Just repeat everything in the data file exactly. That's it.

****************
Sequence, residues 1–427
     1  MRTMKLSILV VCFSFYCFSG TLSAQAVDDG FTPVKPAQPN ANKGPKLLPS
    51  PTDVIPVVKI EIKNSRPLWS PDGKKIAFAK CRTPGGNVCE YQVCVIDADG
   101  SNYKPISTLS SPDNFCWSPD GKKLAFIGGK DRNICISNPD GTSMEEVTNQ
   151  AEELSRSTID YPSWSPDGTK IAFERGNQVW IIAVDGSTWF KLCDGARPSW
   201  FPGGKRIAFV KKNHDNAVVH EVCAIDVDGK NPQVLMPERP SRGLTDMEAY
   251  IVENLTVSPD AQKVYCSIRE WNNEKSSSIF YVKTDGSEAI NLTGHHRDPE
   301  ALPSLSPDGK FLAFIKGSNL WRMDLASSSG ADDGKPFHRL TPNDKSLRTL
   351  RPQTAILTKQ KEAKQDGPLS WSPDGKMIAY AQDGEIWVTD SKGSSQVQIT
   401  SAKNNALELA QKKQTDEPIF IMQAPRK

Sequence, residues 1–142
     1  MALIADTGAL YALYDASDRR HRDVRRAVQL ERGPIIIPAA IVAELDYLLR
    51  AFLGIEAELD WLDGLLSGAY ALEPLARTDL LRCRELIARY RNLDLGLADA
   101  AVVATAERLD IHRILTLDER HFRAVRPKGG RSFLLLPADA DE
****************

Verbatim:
Sequence, residues 1–427
     1  MRTMKLSILV VCFSFYCFSG TLSAQAVDDG FTPVKPAQPN ANKGPKLLPS
    51  PTDVIPVVKI EIKNSRPLWS PDGKKIAFAK CRTPGGNVCE YQVCVIDADG
   101  SNYKPISTLS SPDNFCWSPD GKKLAFIGGK DRNICISNPD GTSMEEVTNQ
   151  AEELSRSTID YPSWSPDGTK IAFERGNQVW IIAVDGSTWF KLCDGARPSW
   201  FPGGKRIAFV KKNHDNAVVH EVCAIDVDGK NPQVLMPERP SRGLTDMEAY
   251  IVENLTVSPD AQKVYCSIRE WNNEKSSSIF YVKTDGSEAI NLTGHHRDPE
   301  ALPSLSPDGK FLAFIKGSNL WRMDLASSSG ADDGKPFHRL TPNDKSLRTL
   351  RPQTAILTKQ KEAKQDGPLS WSPDGKMIAY AQDGEIWVTD SKGSSQVQIT
   401  SAKNNALELA QKKQTDEPIF IMQAPRK

Sequence, residues 1–142
     1  MALIADTGAL YALYDASDRR HRDVRRAVQL ERGPIIIPAA IVAELDYLLR
    51  AFLGIEAELD WLDGLLSGAY ALEPLARTDL LRCRELIARY RNLDLGLADA
   101  AVVATAERLD IHRILTLDER HFRAVRPKGG RSFLLLPADA DE